One of the things that's always bugged me about VMware is that their Horizon View product is VDI-only. Contrast that to Citrix XenDesktop which allows customers to use VDI, RDSH, desktop streaming, and the client hypervisor all in one product. (Well, maybe I should say "all in one license.")
I understand that in order to get all those options from Citrix, you have to buy the "Platinum" edition of XenDesktop, and recently now VMware Horizon View also gives you View Local Mode, and you can buy the Horizon Suite to add Mirage for physical desktop management, but regardless VMware has never embraced "real" RDSH support. Sure, even today's View can connect users to RDSH sessions, but that's RDP only and doesn't include many of the other View enhancements like ThinPrint-based printing, single sign on, etc.
Even the most recent version of View (Version 5.3—read my full analysis here), which added support to use Windows Server OSes at the VDI desktop OS, does not support Session Host. The Windows Server guest support in View 5.3 is used for "single user Server VMs"—a technique aimed at getting around Microsoft's restrictive licensing and SPLA options for Windows desktop OSes. It doesn't add traditional RDSH session support like Citrix XenApp.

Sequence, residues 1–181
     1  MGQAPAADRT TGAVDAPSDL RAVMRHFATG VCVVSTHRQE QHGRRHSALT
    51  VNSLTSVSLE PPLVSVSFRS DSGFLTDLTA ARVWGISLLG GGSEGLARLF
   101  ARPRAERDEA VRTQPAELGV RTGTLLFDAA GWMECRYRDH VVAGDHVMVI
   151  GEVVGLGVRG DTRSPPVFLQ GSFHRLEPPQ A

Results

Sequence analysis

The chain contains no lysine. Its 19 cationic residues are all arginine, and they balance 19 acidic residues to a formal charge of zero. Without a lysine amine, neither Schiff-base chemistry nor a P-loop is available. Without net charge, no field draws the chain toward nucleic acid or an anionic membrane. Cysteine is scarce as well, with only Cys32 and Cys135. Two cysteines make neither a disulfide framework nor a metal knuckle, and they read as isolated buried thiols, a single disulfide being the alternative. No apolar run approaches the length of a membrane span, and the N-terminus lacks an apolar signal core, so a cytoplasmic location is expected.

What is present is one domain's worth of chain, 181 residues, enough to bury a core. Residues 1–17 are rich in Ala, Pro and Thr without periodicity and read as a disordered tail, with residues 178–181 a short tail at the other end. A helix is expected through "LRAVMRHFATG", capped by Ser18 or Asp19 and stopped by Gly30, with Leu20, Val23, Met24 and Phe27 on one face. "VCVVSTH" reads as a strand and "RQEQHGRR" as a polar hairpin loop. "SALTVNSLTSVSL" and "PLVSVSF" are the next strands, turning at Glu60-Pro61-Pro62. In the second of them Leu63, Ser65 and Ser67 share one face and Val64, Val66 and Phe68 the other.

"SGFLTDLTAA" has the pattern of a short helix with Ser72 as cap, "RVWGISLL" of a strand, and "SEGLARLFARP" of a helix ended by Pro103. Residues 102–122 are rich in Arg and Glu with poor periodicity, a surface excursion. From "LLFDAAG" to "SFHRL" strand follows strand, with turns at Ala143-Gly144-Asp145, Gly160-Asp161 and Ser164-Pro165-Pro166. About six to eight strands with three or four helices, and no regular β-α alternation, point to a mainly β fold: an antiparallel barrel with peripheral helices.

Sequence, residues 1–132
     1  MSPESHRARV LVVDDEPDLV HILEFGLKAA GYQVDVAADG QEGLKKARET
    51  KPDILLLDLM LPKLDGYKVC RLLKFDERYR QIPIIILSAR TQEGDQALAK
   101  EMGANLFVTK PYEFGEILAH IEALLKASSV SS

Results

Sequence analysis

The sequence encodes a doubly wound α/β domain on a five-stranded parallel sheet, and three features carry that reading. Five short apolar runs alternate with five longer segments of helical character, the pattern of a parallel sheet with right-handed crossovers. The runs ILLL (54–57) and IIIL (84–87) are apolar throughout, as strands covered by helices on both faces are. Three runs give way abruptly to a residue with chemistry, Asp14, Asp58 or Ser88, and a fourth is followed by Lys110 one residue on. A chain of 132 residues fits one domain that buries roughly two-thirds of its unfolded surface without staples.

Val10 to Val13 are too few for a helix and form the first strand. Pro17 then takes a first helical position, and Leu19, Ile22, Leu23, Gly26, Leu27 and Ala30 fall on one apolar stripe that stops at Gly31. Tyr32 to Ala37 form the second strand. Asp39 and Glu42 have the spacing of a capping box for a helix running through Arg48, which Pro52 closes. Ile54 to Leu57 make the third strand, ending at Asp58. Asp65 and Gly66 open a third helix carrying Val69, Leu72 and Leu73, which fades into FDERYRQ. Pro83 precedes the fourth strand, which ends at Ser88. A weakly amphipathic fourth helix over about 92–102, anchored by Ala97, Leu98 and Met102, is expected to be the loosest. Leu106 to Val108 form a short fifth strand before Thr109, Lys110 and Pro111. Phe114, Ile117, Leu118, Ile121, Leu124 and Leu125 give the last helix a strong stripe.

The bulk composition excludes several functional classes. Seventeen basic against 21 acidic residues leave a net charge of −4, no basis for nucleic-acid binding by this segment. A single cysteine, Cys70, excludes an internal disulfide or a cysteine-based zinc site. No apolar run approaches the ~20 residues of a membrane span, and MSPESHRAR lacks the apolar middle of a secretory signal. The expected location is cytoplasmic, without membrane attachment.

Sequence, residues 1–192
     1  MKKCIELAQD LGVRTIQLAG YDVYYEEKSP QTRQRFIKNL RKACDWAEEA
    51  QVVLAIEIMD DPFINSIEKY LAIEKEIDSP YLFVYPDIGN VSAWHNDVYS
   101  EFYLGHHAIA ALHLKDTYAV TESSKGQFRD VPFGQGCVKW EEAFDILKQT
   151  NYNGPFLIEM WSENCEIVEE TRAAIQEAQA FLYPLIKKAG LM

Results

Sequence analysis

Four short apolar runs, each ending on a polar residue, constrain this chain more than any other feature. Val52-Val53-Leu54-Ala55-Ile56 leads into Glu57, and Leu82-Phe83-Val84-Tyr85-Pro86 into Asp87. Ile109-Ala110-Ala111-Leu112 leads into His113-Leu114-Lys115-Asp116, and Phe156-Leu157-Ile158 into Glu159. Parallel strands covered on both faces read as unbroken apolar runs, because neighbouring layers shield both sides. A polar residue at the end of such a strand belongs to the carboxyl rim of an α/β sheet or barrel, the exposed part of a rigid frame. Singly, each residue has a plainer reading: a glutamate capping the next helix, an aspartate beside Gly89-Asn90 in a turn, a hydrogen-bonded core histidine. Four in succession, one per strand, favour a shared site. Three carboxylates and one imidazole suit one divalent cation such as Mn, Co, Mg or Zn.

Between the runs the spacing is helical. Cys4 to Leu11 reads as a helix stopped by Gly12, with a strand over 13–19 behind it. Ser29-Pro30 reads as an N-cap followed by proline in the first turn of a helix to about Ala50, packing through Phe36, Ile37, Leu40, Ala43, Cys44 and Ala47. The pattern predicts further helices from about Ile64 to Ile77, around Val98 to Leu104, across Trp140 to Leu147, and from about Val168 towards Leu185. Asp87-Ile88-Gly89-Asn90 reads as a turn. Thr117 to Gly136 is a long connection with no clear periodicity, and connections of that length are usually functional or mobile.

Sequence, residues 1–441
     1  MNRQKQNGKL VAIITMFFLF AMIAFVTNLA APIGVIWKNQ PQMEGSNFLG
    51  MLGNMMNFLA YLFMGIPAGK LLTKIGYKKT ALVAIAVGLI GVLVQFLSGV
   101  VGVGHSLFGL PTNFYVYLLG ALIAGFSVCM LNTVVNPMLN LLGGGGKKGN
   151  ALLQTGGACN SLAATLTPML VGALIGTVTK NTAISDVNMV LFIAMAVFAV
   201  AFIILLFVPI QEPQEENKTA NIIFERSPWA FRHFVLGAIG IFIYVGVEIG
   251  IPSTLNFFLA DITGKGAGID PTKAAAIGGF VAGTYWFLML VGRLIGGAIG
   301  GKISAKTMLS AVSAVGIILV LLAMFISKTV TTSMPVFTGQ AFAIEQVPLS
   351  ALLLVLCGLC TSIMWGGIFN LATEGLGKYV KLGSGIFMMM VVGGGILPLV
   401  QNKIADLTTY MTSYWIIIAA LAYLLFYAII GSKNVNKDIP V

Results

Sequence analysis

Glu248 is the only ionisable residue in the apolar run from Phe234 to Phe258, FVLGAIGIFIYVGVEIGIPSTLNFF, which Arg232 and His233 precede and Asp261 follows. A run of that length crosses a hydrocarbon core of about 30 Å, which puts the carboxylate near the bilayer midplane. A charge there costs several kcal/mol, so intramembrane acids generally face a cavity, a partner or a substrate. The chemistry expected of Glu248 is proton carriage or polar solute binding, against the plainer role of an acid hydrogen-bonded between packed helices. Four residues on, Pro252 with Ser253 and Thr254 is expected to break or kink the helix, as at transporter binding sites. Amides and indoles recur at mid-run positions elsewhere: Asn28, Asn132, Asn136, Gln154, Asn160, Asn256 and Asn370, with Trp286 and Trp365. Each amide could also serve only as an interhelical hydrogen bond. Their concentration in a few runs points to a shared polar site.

It's interesting that Teradici themselves have added PCoIP support for RDSH "session-per-user," but that's via a product called Teradici "Arch" that you have to buy from them—not VMware. I asked Teradici why VMware didn't just bundle that technology into View, and they said, "You'd have to ask VMware."
So at this point the code exists. Teradici Arch has the option to plug-in to VMware's Horizon View connection broker. So why wouldn't VMware bundle that in? Why not even create an add-on option for 50 bucks a user or something to make it official?
Could it be because...
- VMware doesn't want to break their worldview that VMs-per-user are better than session-per-user?
- VMware believes the incremental density gains in session-per-user versus VM-per-user are not worth the headache of support?
- VMware believes that the "real" way to solve this is to make VM-per-user as cost effective as session-per-user, so why bother?
- VMware believes that session-per-user is old school, so why take a step back?
- VMware doesn't want to pay Teradici's licensing fee?
- Something else?
What do you think? Any ideas about why VMware is ignoring session-per-user? And do you think it will ever change?